Improving Warehouse Productivity with Wearable Computers
If you’re in the warehousing industry, you’re probably dealing with two challenges that seem to get tougher every year: keeping up with productivity demands and filling open positions.
E-commerce and customer expectations are driving so much growth and demand for productivity that they’re projected to create a need for 452,000 new warehousing and distribution workers in 2018-19.
But the industry is struggling to meet this new demand, particularly when US unemployment is at historical lows and only 20% of the labor force possesses the required skills.
Exploring the Alternatives
According to CRBE, an international industrial real estate firm, this leaves the warehousing industry with three potential tactics to deal with the labor crunch and still achieve productivity requirements.
One is to recruit more workers from other industries. However, government data shows that, despite a 66% increase in workers moving into the transportation and warehouse sector from other industries, the inflow isn’t enough to meet new demand.
Another option is to expand warehousing operations into labor markets that can deliver the required workforce. But those markets may be few and far between, and they may not be located in areas that make sense logistically. Also, not every company has the budget, financing, or desire to expand into new locations.
That leaves one option that’s available and affordable for virtually everyone in the industry. It’s an investment in automation and technology to enhance labor efficiency.
Wearable Computers Change How We Work
A good case in point is transitioning to wearable mobile computers and technology to further automate picking and shipping processes. For example, mobility experts at Strategic Systems have worked with a number of warehousing operations of all sizes to implement this technology strategy.
Instead of having to carry and use a handheld mobile computer while trying to pick, handle, pack, and ship products, or instead of having to walk back-and-forth between warehouse aisles and a computer workstation, wearable technologies keep workers’ hands free and streamline the entire process.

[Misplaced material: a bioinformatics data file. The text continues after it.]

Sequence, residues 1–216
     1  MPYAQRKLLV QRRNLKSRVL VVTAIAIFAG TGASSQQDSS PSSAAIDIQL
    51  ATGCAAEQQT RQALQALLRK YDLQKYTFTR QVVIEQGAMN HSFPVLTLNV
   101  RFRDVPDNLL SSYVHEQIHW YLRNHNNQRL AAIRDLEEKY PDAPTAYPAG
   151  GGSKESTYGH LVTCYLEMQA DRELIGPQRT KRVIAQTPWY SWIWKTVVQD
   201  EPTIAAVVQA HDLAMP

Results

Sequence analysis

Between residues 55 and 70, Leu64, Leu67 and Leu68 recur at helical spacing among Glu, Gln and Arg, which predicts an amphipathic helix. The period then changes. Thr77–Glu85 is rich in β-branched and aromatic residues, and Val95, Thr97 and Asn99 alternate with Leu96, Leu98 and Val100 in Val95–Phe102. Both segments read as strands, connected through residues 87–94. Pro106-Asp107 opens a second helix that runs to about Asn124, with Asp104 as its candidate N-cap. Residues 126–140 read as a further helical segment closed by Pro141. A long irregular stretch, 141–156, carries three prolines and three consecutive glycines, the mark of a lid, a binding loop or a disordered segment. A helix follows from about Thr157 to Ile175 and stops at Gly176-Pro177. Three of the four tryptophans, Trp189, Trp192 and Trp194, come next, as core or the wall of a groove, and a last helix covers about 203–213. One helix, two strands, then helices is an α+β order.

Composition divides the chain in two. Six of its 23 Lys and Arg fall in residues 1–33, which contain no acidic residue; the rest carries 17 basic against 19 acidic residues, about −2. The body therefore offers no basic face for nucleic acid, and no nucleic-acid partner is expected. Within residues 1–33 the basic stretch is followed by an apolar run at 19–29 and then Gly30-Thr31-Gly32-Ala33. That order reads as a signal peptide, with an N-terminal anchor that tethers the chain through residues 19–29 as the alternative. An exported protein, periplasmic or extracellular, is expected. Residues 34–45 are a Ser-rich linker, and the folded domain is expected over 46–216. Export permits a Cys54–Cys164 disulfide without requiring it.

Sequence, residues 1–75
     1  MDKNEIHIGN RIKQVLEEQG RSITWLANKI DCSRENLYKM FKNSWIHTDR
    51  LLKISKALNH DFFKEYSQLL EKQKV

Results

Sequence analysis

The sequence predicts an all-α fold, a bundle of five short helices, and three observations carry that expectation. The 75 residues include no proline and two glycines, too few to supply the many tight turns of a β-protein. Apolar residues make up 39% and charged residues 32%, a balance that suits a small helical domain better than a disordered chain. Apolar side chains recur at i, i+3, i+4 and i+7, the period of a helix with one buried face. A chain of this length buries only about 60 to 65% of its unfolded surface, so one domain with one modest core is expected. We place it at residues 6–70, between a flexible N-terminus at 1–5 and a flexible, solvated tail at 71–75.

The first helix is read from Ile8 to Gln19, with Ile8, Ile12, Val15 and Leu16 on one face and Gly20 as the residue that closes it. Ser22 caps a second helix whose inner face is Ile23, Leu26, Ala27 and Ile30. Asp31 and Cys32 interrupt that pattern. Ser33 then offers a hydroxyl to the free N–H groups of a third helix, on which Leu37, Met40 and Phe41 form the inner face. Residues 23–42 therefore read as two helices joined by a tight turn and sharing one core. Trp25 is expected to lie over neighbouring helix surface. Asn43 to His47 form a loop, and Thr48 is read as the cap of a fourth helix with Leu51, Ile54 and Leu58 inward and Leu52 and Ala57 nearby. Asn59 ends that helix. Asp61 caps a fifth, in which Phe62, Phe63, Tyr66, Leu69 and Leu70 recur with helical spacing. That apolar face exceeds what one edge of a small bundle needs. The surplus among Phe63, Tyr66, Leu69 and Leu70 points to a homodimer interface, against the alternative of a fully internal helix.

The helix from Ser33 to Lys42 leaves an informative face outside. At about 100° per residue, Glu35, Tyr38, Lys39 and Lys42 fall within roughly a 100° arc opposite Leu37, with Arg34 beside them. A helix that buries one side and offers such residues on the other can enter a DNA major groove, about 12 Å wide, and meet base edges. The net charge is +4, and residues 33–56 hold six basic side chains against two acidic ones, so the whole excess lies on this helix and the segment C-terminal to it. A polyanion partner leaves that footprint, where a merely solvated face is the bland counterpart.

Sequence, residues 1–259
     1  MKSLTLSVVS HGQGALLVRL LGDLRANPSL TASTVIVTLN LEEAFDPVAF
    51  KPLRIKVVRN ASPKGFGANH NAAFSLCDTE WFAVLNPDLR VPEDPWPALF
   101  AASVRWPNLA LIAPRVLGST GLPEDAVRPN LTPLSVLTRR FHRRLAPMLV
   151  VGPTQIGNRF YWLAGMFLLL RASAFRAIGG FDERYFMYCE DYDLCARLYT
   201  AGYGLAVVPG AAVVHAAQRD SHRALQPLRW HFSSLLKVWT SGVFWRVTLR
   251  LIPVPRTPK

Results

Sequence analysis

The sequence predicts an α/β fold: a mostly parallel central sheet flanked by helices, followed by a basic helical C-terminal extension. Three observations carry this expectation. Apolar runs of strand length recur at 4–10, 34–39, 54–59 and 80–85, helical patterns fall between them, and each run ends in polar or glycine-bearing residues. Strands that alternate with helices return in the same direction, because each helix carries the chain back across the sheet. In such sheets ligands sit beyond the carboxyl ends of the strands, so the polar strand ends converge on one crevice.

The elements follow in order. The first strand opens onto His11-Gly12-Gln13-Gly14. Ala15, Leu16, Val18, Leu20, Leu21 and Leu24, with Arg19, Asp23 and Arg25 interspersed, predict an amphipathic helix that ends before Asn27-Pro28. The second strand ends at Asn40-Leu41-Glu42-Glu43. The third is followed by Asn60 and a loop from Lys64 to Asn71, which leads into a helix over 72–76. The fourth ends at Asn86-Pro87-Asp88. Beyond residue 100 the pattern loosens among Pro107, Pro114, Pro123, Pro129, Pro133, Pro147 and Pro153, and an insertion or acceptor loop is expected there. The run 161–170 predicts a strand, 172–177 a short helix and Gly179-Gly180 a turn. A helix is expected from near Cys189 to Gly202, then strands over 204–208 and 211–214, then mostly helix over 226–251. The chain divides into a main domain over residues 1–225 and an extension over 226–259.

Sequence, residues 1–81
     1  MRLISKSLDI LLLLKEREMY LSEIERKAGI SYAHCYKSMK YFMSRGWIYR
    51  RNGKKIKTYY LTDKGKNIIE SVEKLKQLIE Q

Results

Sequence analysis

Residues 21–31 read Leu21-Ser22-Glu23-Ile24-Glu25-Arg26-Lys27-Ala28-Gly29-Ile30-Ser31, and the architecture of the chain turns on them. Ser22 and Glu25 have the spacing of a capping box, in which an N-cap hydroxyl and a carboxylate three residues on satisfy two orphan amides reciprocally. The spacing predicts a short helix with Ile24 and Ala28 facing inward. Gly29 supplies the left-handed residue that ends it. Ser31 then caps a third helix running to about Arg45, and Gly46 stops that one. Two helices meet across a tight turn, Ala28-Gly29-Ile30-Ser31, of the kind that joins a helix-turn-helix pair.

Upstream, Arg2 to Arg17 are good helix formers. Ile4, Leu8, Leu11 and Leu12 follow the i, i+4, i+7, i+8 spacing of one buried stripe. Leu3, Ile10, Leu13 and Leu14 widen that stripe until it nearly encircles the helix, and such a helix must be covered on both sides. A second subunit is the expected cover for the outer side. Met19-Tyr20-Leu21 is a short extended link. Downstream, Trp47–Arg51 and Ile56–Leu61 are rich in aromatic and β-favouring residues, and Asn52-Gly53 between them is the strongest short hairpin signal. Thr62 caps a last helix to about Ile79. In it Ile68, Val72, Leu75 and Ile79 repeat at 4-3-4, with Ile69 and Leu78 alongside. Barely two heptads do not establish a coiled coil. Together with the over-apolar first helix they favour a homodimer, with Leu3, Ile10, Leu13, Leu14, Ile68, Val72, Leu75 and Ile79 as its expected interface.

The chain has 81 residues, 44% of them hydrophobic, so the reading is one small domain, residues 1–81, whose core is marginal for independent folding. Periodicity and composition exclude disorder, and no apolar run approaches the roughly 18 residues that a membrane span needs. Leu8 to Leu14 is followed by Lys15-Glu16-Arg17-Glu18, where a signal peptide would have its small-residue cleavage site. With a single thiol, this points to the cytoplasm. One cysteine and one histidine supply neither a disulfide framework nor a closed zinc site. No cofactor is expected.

Wearable Computer Technology
Using Zebra’s WT6000 wearable computer, we give workers a lightweight, hands-free device they can wear on their wrist and forearm. This allows them to access warehousing software, orders, pick lists, and labeling with the touch of a screen. And it keeps their hands free to pick, handle, or pack items as needed.
The device can be paired with a Zebra RS6000 wireless Bluetooth or RS5000 corded ring scanner to scan barcodes. A small, lightweight, and perfectly balanced 1D/2D barcode scanner is worn on a single finger, providing seamless barcode scanning while leaving both hands free to operate the WT6000 wearable computer and handle materials.
A wireless headset, such as Zebra’s HS3100 or HS 2100, gives workers complete voice and audio capabilities on the go, which also means you can make the switch to voice-directed picking software. Voice-directed applications use audio and visual cues to direct workers to the precise warehouse location for each pick and guide them along the most efficient pathway. They even include support for multiple languages.
In addition to improving picking efficiency with intelligent voice direction and hands-free mobility, a complete system also increases picking accuracy by automating the entire process and using barcode scans to verify correct picks.
You can even add a wearable mobile printer, such as any of Zebra’s ZQ or QLn Series printers, to print barcode labels on the go.
Adopting this wearable technology strategy changes how we work, allowing warehouses to streamline workflows and help their existing workforce fulfill far more orders on every shift.
To learn more about improving warehouse productivity and addressing labor shortages with wearable computer technology, contact us now for a free consultation.